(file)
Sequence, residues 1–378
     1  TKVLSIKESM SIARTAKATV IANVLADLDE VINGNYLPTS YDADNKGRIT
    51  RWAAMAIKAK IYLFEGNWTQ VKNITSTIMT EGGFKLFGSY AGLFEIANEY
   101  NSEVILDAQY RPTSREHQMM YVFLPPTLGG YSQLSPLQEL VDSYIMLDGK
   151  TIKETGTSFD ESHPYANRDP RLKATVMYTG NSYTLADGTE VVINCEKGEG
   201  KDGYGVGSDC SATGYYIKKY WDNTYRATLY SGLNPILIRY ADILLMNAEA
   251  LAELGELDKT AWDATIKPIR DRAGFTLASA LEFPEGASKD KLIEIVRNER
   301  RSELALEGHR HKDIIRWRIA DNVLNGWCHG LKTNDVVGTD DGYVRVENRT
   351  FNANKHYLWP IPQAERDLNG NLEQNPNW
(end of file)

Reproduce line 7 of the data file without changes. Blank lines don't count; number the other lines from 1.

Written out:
   251  LAELGELDKT AWDATIKPIR DRAGFTLASA LEFPEGASKD KLIEIVRNER